Wraparound AdWraparound Ad
Fresh Produce Association of the Americas Responds to Mexican Trade Investigation in Florida; Lance Jungmeyer Details

Fresh Produce Association of the Americas Responds to Mexican Trade Investigation in Florida; Lance Jungmeyer Details



NOGALES, AZ - Senators Marco Rubio and Rick Scott, Republicans of Florida, recently issued a letter to the United States Trade Representative requesting that the Biden Administration open a trade investigation on Mexico’s fresh fruit and vegetable sector. The Fresh Produce Association of the Americas commented on this in relation to the U.S. Mexico Canada Agreement.

Lance Jungmeyer, President, Fresh Produce Association of the Americas“A real reason Florida’s producers continue to lose market share is because they fail to innovate in new varieties and growing technologies, and consumers have spoken at the supermarket,” said Lance Jungmeyer, President of the FPAA. “U.S. produce suppliers look to Mexican protected agriculture to augment their fresh produce supplies, and these higher quality, flavorful varieties check off all the boxes for what consumers value. U.S. importers offer the colorful varieties and better cosmetic appearance and flavor profiles that consumers demand, plus they are grown with minimal chemical inputs in an environment that conserves water use.”

Rubio and Scott have accused Mexico of a “multi-decade export targeting scheme” involving produce grown in greenhouses, shadehouses, and other structures, a press release outlined.

Senators Marco Rubio and Rick Scott, Republicans of Florida, recently issued a letter to the United States Trade Representative requesting that the Biden Administration open a trade investigation on Mexico’s fresh fruit and vegetable sector, and the FPPA has provided insights in relation to the U.S. Mexico Canada Agreement

“Florida and U.S. companies importing from Mexico have competed for generations during the winter and spring months, and that is not going to change. You can count on that,” Jungmeyer said. “You can also count on the fact that every election cycle, Florida politicians will dredge up the same tired complaints, which ignore the market dynamics.”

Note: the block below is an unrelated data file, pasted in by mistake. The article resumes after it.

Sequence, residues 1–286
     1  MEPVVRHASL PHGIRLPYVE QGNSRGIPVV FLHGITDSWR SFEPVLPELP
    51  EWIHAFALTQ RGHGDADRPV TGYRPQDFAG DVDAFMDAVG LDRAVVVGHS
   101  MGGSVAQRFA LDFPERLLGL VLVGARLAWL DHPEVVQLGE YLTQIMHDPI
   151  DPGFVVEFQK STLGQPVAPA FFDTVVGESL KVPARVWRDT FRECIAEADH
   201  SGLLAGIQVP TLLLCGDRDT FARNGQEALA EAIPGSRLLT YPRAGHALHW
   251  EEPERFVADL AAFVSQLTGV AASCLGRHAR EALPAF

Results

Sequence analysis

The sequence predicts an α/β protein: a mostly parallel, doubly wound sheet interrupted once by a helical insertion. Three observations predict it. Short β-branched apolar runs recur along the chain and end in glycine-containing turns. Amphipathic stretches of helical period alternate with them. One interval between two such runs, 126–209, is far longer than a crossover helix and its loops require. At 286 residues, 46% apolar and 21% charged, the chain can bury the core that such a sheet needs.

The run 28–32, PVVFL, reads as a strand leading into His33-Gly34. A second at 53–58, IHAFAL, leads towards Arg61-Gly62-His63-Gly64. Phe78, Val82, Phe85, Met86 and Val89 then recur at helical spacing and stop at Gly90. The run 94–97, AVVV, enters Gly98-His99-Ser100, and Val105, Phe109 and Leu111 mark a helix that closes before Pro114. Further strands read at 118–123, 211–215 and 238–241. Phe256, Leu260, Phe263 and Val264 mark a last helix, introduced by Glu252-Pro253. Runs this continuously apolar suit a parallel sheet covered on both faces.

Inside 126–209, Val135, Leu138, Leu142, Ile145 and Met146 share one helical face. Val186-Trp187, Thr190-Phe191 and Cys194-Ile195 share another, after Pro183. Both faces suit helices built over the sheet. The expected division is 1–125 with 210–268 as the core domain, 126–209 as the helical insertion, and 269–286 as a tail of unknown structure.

Due to the popularity of Mexican fresh produce, some Florida-based companies have made significant investments in greenhouses and shadehouses in Mexico, the press release noted.

In the petition, Rubio and Scott accused Mexico of a “multi-decade export targeting scheme” involving produce grown in greenhouses, shadehouses, and other structures

“Senators Rubio and Scott should look at the fact sheet, which shows that Florida is the Number 4 state for directly importing Mexican fresh produce, behind Texas, Arizona, and California. It’s a really big business for Florida firms, and the reason is Florida field-grown produce does not arrive to market at the same level of quality as Mexican produce,” Jungmeyer added.

A study from the University of Florida points to unfavorable growing conditions and limited availability of agricultural workers and real estate development as challenges. The Senators also revisited Mexican subsidies, of which Mexico spends approximately 2 percent compared to 41 percent of the U.S.

For more information from FPAA, read the press release in full here.

Stick with ANUK for the latest updates.

Fresh Produce Association of the Americas



Companies in this Story


Fresh Produce Association of the Americas

The Fresh Produce Association of the Americas and its members help to ensure North America’s uninterrupted access to fresh...